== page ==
its expiration date long expired,
found too late to do anything but lament its absence-
an absence we didn’t know to feel before it was found,
lost when no one was looking.

Is it when grandmother’s recipes vanish?
When Oma’s cookbook and Nona’s specialty
and Dadi’s secret ingredient and Abuela’s tricks
are lost, unused until we want them back,
always a little too late to reclaim,
when Amma’s secrets are folded nice and neat in a box
just like her-
both now forgotten til they turn to dust-
and Yaya’s handwriting needs a Rosetta Stone to decipher?

Somewhere along the line they were lost
as the flavours of home faded into exotic aromas,
foreign to newly minted noses used to dollar menus
and All-American palates of grandchildren
and great-grandchildren,
huddled masses yearning to breath free
in kitchens that don’t reek of cabbage or curry.

Sarma and boxty, rømmegrøt and cholent, kishkes and aloo gobi
up and vanished from the shelves
until the cabinets were bare of lutefisk,
no miso or avgolemono to be seen.
The pantry full of boxed macaroni and canned vegetables,
cookies in uniform boxes with no spoon to lick,
just a great-aunt’s recipe licked.
Wonderbread that never wondered why
we don’t make soda bread or lussekatter or pane dulce anymore.
And maybe an old tub of Fluff
with Grandmama’s recipe stuck to the bottom-
looping curves too faint to read-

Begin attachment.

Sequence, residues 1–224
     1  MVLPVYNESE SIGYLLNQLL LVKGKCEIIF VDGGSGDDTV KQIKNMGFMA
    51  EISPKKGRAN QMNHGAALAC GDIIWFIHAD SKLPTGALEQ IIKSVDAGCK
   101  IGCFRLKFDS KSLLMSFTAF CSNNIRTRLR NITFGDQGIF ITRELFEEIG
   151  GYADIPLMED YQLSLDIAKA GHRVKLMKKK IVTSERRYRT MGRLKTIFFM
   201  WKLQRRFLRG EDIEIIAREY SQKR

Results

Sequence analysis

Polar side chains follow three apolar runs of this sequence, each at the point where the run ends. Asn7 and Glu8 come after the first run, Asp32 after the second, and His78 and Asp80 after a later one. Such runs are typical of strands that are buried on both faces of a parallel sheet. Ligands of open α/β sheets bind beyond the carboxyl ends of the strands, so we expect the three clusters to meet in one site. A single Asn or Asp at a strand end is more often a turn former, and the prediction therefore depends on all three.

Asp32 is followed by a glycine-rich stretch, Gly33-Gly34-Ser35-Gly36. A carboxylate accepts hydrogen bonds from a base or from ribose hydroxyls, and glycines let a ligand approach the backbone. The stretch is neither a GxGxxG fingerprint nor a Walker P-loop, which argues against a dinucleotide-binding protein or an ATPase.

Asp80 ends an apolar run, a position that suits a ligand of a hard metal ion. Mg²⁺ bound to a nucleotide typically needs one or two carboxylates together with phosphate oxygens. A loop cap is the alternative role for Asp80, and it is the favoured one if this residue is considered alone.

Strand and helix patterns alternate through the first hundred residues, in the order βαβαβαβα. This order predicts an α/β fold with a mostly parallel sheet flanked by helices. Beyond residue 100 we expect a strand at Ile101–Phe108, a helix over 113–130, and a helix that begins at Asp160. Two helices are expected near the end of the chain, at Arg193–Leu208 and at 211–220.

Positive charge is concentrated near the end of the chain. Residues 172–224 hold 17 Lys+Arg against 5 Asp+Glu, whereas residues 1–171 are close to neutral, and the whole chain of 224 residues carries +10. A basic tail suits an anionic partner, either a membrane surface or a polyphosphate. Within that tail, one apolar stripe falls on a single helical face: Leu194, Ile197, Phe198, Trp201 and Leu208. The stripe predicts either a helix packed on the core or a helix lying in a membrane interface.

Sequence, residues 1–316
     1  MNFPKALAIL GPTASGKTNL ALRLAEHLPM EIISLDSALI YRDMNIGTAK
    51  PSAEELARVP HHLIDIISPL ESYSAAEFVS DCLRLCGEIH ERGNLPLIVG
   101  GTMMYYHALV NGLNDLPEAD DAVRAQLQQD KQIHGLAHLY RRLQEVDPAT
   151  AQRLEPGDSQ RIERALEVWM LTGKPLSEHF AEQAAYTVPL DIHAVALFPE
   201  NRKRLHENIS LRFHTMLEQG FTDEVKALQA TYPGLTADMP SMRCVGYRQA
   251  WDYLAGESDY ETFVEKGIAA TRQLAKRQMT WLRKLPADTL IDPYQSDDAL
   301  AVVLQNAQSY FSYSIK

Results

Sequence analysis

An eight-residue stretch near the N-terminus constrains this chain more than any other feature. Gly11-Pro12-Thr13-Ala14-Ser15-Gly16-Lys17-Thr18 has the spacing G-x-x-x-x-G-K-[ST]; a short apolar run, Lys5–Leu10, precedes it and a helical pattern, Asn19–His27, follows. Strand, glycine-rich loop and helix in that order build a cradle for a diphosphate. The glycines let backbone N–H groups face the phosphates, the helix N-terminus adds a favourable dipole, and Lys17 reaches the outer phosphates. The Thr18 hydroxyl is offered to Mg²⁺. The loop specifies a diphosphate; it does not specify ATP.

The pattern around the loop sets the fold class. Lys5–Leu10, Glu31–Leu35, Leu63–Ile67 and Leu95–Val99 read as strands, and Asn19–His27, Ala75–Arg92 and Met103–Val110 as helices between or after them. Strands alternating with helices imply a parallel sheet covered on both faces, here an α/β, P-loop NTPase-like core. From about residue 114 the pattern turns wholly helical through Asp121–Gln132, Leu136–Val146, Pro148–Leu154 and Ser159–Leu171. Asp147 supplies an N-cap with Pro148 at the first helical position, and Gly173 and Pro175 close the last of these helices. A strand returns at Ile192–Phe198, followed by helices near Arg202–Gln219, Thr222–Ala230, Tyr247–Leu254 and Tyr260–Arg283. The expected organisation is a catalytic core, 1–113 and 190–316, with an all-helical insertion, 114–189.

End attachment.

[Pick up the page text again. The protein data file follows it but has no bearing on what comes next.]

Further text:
and all we’re left with is Fluff.

Our pantries raided by trolls,
recipes faded into Elvish scrawl-
elegant but unreadable-
knowledge quietly moldering away in the back of the shelves-
a real shakedown.
The unharvested fruits of our family trees
past not passed.
Just the barley was left,
seeds of an Old World
that bloomed where they were planted.
A whole history of it.
And me.
Half-Irish last I checked,
with a hankering for stew
and a habit of blaming trolls.

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9 thoughts on “Poetry Circle: The Troll that Shakes the Barley

  1. Reblogged this on Bound and Gagged and commented:
    Instead of talking about minority languages or outlawed languages as I usually do for St. Patrick’s Day, I give you a poem. Happy St. Paddy’s Day!

    Like

  2. Kelton says:

    Wow. You are quite the poet! This poem also made me hungry. Happy St. Paddy’s Day!

    Liked by 1 person

  3. Amazing! I love poetry. NO, I love your poetry! I write quite a bit myself, but I don’t ever feel that it is quite there, you know. Tell me, how do you do it? What’s you process?

    Liked by 1 person

    • Thank you very much! I’m afraid I don’t really have much of a process. I used to write poetry every day in high school (usually while listening to music), but I stopped when I got to college and have written maybe half a dozen since. This was my first attempt to get back into poetry writing since.

      Like

  4. BTW that “NO” is not to say I don’t love poetry in general. Cheers!

    Liked by 1 person

  5. Very amusing and relatable story of us children of immigrants!

    Liked by 1 person